1. Donald Trump’s new appoinments could mean the end of open internet & net neutrality

Donald Trump’s new appoinments could mean the end of open internet & net neutrality

US President-elect Donald Trump has appointed two advisers who will help with the telecom policy agenda at the Federal Communications Commission (FCC).

By: | Published: November 23, 2016 4:13 PM
donald trump, net neutrality, trump net neutrality, internet freedom, open internet, free internet, telecom, trump telecom, trump advisers, trump ministers, trump technology But the question is, will such big changes that President-elect Donald Trump’s advisers might encourage happen so quickly and not take public comment into consideration? (Source: Reuters)

US President-elect Donald Trump has appointed two advisers who will help with the telecom policy agenda at the Federal Communications Commission (FCC). These two people are not really what we call friends of net neutrality. As a matter of fact, both of them have been clear in public about their views on net neutrality rules. The same rules which stop network providers to be biased towards particular forms of online content. One of the two is, Jeff Eisenach who is an economist and at one point of time worked for Verizon. He, co-chairman of consulting firm National Economic Research Associates, had been particularly vocal about his opposition to net neutrality. He reportedly called out against the rules, terming them as ‘crony capitalism’ supported by the argument that such rules, if implemented, will be ‘highly damaging’ to the markets. The another person is Mark Jamison who belonged to Sprint’s lobbying team. Both of them have been a part of the American Enterprise Institute, a conservative group which had campaigned against internet freedom.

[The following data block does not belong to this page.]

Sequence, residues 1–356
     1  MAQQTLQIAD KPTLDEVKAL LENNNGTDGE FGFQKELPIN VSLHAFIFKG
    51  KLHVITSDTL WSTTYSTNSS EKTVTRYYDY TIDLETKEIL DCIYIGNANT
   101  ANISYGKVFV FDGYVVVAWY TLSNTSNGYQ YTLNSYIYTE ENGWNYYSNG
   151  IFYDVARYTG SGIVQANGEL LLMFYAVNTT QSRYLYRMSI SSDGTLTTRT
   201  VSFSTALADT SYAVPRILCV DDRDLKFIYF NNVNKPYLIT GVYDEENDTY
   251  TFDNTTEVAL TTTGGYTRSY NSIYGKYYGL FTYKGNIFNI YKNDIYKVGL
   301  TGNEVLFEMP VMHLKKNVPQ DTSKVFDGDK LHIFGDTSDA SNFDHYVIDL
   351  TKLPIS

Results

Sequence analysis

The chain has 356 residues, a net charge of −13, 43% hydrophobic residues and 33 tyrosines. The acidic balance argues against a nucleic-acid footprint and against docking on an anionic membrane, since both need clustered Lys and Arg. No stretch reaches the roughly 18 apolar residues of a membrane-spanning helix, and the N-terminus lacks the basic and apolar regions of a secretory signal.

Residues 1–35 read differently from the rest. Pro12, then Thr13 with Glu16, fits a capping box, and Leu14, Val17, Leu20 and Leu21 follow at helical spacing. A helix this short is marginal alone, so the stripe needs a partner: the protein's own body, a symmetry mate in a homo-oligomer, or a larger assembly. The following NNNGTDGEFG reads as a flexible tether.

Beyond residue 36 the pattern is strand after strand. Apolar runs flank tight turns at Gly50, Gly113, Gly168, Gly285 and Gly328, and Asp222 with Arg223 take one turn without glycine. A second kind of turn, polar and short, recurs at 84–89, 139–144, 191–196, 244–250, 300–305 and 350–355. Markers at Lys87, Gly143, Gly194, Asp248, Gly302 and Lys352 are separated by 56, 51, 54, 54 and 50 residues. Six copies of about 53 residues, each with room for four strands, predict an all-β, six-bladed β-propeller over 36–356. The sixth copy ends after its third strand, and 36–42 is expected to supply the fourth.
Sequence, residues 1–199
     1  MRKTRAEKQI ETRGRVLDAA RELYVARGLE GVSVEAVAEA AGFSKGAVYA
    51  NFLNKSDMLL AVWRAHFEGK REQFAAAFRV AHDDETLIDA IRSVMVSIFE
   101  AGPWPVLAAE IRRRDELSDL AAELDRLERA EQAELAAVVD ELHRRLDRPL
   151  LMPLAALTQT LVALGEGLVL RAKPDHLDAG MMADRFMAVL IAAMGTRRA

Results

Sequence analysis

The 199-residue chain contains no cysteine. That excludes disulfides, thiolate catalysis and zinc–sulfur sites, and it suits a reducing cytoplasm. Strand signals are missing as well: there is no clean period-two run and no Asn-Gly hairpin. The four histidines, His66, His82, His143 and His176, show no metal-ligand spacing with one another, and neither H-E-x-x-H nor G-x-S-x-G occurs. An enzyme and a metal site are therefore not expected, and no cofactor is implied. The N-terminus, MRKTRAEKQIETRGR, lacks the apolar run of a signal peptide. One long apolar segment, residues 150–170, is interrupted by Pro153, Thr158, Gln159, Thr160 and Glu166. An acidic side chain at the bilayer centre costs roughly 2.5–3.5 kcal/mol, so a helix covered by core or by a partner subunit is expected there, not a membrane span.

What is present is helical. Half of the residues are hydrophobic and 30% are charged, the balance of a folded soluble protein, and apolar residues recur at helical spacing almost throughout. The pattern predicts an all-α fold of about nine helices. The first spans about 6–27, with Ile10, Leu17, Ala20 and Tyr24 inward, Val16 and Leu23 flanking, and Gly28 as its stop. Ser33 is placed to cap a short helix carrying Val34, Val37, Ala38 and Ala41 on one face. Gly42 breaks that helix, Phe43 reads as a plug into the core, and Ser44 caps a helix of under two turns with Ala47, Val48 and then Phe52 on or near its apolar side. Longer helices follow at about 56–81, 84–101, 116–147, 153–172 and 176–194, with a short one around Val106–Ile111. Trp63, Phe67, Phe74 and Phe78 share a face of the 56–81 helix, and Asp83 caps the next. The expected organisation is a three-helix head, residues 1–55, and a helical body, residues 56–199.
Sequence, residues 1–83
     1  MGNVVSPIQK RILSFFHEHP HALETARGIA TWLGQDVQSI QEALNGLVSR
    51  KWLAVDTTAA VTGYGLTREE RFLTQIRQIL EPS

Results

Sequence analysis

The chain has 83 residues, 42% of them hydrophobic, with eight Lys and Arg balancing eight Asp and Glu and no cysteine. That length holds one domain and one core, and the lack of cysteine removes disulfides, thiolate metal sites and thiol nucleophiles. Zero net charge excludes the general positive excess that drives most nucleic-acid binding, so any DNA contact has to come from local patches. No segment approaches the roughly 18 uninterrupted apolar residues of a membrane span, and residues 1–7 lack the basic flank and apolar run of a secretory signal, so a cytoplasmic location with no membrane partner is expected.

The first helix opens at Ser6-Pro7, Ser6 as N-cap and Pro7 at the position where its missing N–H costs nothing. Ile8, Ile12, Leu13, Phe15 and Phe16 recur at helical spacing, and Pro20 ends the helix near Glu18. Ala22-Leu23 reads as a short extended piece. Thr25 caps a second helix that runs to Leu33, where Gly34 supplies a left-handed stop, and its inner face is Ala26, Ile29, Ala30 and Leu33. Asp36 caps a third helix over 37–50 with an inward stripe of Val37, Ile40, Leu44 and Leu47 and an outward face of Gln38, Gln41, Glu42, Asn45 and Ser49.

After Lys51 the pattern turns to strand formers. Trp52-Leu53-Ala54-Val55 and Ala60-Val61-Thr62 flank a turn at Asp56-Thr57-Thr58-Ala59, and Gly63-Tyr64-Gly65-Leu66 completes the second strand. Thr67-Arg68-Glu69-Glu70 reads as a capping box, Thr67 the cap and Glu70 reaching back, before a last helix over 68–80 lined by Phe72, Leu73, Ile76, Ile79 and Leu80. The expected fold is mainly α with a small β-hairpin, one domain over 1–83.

Mark Jamison in an opinion piece for Tech Policy Daily, asked whether the FCC was even required anymore. He wrote, “Most of the original motivations for having an FCC have gone away. Telecommunications network providers and ISPs are rarely, if ever, monopolies. If there are instances where there are monopolies, it would seem overkill to have an entire federal agency dedicated to the ex-ante regulation of their services. A well-functioning Federal Trade Commission (FTC), in conjunction with state authorities, can handle consumer protection and anticompetitive conduct issues.”

But the question is, will such big changes that Trump’s advisers might encourage happen so quickly and not take public comment into consideration? Proper net neutrality rules ensure the security of new entrepreneurs and that the get similar opportunities that are enjoyed by biggies like Facebook, Google and Amazon. At the same time, it ensures that internet providers get the same benefit by serving people in rural areas as that from the city crowd.

Though there have been many efforts against it, but at least the FCC had said that it will put a check on such efforts. But a Trump government might not even pretend about any adherence to net neutrality rules altogether.

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